Overuse of Antibiotics: Here’s How to Protect Yourself
Nearly 3 million Americans get sick from drug-resistant infections, and 35,000 die every year, according to a new Centers for Disease and Control and Prevention report on Antibiotic Resistance Threats in the United States released this week. That’s, on average, one person dying every 15 minutes from infections that antibiotics can no longer effectively treat. Although the numbers are grim, there is a silver lining. We have a better understanding of the scope of this problem and can push for full scale solutions.
A world without effective antibiotics would set modern medicine back by decades. Surgical procedures, chemotherapy, and even childbirth would be much more dangerous. Anything from scraping your knee to nicking yourself gardening could be fatal, if infection set in.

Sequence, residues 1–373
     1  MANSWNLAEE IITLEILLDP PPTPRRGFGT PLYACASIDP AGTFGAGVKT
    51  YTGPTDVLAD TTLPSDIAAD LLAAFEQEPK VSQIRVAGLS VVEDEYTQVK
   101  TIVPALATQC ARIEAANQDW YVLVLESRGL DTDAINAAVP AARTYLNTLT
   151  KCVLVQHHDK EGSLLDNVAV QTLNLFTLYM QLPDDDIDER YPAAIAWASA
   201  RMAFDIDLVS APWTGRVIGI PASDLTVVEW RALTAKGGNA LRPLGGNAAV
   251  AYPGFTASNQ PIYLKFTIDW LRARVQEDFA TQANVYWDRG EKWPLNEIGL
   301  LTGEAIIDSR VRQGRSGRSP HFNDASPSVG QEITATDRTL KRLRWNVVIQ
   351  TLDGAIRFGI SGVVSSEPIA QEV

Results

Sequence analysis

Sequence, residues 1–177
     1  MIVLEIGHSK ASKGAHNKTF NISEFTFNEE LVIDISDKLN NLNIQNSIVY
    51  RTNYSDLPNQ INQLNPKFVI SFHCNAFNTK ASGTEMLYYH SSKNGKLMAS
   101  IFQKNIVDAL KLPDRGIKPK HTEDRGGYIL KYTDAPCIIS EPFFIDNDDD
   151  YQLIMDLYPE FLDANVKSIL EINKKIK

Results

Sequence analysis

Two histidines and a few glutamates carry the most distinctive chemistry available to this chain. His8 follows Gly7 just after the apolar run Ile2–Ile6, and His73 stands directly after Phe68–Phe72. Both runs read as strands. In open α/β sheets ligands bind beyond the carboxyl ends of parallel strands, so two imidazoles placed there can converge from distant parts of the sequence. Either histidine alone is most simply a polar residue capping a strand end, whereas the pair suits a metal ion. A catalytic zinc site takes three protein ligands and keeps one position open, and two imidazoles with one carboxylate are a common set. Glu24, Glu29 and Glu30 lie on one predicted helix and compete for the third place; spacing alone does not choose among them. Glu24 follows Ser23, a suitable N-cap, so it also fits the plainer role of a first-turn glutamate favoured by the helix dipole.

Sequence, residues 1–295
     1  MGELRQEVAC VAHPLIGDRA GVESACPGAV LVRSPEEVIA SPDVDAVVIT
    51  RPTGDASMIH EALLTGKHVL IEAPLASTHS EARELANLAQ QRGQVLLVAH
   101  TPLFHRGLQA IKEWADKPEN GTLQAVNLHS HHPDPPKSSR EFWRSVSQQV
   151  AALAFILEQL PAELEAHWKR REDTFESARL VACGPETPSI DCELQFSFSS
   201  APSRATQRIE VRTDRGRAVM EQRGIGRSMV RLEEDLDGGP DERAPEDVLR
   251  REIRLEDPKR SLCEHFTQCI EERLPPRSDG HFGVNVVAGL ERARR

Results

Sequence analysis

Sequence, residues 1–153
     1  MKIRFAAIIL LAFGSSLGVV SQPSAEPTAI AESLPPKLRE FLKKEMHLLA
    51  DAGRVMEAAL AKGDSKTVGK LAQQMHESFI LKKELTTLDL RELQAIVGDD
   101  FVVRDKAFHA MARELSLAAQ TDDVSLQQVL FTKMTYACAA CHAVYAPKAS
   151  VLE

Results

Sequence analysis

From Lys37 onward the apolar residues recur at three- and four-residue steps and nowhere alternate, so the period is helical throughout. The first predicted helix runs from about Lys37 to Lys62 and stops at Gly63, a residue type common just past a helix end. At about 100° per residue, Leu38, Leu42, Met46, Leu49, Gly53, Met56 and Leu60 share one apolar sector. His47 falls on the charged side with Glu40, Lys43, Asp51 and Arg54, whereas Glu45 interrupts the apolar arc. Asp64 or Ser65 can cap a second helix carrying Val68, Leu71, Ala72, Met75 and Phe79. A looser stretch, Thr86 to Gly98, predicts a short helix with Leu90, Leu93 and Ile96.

In the Detroit area, patients across all demographics are getting antibiotic-resistant infections. Kids with weakened immune systems, such as premature babies and pediatric cancer patients, are especially vulnerable. Michigan’s physicians are increasingly prescribing last-line antibiotics with toxic side effects because conventional antibiotics no longer work. How did we get here? The biggest contributing factor to antibiotic resistance is overuse, which kills off weak bacteria while the strong ones survive, multiply, and spread. If one of these “superbugs” infects you, you could be in real trouble. That’s the case in any setting that uses antibiotics, whether it’s a hospital or an industrial farm. To reverse this dangerous trend and keep antibiotics effective in the future, every stakeholder needs to take action. In human healthcare, for example, physicians and patients both play an important role in reducing antibiotic use.